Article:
Written by Clay Smith
One percent of patients presenting with acute alcohol intoxication eventually needed critical care admission. Be wary of abnormal vital signs, hypoglycemia, or the need for additional chemical sedation, as these were associated with an increased odds of needing the ICU in such people.
Why does this matter?
It’s so easy to chalk altered mental status up to simple intoxication, given the right patient scenario – college freshman, dressed in green on St. Patrick’s Day, covered in vomit. There’s only one thing that can be, right? It’s easy to have premature closure of our differential diagnosis and not consider other causes. How often does a patient who is “just drunk” come in with something far more serious?
Just drunk or something worse?
This was a retrospective look at over 31,000 drunk Minnesotans over 5 years. After paramedic, nursing, and initial physician evaluation, these patients were initially considered low risk and placed in an alcohol intoxication unit within the ED. They found that most of the patients were screened appropriately and were just drunk. But 325 (1%) needed critical care. The most common causes of critical illness were respiratory failure, withdrawal, sepsis, or intracranial bleed. What were the clinical clues associated with these patients who went on to need critical care? Hypoxia, hypotension, tachycardia, hypothermia, fever, hypoglycemia, or need for IV sedation were all associated with an increased odds of needing critical care. Though it seems like an obvious reminder to pay attention to vital signs, it’s easy to explain away abnormal values in a homeless, drunk patient in the middle of winter in Minnesota. Be careful.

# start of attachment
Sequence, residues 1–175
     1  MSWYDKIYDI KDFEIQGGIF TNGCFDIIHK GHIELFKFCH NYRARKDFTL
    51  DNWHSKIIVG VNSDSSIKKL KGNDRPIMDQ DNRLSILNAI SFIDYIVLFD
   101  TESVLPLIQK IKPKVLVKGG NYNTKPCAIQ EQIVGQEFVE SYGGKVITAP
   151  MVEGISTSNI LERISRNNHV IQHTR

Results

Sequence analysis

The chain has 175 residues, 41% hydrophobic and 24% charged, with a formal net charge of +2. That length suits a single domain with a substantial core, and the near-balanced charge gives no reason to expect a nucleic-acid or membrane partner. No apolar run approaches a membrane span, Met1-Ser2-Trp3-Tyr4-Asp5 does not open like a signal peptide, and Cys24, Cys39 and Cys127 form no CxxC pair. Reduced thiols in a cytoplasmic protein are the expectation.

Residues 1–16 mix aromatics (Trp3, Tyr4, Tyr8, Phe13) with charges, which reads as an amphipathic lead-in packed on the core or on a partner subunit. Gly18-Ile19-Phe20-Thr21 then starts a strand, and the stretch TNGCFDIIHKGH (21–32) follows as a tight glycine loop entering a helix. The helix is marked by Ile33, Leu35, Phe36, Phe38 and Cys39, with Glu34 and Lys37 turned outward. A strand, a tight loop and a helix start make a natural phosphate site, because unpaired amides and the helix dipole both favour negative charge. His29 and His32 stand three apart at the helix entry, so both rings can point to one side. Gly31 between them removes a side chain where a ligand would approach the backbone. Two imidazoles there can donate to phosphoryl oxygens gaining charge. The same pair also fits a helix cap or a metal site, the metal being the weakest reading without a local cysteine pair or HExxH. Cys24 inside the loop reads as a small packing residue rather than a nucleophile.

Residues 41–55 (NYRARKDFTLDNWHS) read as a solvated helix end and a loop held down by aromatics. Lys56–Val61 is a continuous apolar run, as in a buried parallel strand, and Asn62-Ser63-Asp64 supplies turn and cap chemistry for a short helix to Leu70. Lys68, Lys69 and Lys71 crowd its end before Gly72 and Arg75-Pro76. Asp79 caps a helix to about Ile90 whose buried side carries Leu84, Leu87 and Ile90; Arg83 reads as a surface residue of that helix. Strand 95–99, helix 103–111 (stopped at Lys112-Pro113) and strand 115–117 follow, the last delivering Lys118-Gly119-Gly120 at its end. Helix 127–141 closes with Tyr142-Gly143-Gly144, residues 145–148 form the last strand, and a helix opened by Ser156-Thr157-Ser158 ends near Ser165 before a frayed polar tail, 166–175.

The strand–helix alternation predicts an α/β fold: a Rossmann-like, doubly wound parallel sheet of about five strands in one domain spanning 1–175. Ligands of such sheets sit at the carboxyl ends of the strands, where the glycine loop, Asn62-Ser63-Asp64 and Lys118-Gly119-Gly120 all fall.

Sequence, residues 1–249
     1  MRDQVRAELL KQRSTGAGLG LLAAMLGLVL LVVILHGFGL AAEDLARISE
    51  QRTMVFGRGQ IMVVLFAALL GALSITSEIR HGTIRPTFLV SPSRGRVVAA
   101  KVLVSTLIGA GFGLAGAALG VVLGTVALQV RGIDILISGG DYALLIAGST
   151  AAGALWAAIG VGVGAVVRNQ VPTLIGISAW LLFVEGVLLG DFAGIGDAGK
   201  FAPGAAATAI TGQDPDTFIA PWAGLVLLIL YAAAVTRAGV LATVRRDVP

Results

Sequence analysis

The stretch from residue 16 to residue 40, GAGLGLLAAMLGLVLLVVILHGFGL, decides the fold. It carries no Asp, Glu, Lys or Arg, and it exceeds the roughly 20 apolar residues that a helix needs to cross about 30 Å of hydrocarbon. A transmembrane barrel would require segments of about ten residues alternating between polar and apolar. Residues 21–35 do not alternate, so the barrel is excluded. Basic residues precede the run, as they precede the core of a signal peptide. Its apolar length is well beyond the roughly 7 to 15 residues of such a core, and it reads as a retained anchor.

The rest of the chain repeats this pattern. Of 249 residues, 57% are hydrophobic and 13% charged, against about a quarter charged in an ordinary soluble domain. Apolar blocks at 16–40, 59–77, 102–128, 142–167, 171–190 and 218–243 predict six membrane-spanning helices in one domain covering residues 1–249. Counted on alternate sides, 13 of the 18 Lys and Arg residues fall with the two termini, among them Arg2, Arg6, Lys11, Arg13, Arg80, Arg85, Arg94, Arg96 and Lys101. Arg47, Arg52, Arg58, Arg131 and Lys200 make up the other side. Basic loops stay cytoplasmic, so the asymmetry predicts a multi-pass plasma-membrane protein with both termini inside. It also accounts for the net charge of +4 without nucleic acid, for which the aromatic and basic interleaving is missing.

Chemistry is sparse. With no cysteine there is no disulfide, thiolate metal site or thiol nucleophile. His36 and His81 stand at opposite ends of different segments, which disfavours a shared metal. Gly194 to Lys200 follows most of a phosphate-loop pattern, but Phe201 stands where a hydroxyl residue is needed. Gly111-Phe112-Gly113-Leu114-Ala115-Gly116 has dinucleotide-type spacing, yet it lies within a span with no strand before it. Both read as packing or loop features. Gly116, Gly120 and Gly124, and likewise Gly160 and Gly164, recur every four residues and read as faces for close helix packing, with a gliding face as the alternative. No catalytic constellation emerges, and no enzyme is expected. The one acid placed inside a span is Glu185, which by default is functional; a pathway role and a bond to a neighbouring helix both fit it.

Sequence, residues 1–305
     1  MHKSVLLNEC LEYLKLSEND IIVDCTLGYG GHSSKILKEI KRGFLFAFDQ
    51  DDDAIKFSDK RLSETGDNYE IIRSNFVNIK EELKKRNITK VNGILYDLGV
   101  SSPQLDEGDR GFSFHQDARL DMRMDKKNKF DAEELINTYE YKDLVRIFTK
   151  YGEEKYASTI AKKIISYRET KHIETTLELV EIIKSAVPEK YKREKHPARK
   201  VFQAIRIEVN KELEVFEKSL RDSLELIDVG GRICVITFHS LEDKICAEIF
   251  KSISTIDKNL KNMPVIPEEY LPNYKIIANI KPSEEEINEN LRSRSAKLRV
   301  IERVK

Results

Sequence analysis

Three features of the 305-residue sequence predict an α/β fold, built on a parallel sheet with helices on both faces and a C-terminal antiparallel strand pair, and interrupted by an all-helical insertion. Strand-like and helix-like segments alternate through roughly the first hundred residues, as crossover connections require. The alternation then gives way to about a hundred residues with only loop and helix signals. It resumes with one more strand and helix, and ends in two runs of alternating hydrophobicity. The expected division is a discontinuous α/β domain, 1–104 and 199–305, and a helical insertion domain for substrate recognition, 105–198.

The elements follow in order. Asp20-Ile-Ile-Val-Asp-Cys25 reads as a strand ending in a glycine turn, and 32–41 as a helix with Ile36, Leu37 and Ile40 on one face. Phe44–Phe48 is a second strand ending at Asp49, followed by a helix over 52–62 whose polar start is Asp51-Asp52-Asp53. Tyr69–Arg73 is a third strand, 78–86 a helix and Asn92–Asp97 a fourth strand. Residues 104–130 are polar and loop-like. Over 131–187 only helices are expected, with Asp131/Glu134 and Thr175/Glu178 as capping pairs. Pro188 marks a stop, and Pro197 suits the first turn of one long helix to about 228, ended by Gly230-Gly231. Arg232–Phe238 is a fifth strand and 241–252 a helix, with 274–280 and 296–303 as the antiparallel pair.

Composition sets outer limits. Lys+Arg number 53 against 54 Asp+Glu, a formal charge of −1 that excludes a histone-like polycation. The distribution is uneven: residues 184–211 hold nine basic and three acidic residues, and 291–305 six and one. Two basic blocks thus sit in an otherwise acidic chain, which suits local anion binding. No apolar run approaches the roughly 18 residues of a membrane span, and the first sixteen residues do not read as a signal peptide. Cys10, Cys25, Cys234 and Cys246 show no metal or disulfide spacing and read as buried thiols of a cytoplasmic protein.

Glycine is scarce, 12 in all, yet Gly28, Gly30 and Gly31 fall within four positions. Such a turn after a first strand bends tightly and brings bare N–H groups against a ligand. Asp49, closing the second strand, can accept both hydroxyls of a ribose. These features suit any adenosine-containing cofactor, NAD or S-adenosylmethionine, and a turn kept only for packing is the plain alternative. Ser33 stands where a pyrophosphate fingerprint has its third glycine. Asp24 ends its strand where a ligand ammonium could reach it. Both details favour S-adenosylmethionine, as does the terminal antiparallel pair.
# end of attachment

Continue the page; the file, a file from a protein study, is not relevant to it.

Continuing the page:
There was another article this month that appears to have come from the same authors that details the cause of altered mental status in about 29,000 patients with a prehospital report of ethanol intoxication. Five percent had no alcohol detectable, and 10% of them needed hospital admission.
Unsuspected Critical Illness Among Emergency Department Patients Presenting for Acute Alcohol Intoxication. Ann Emerg Med. 2018 Mar;71(3):279-288. doi: 10.1016/j.annemergmed.2017.07.021. Epub 2017 Aug 24.
Peer reviewed by Thomas Davis.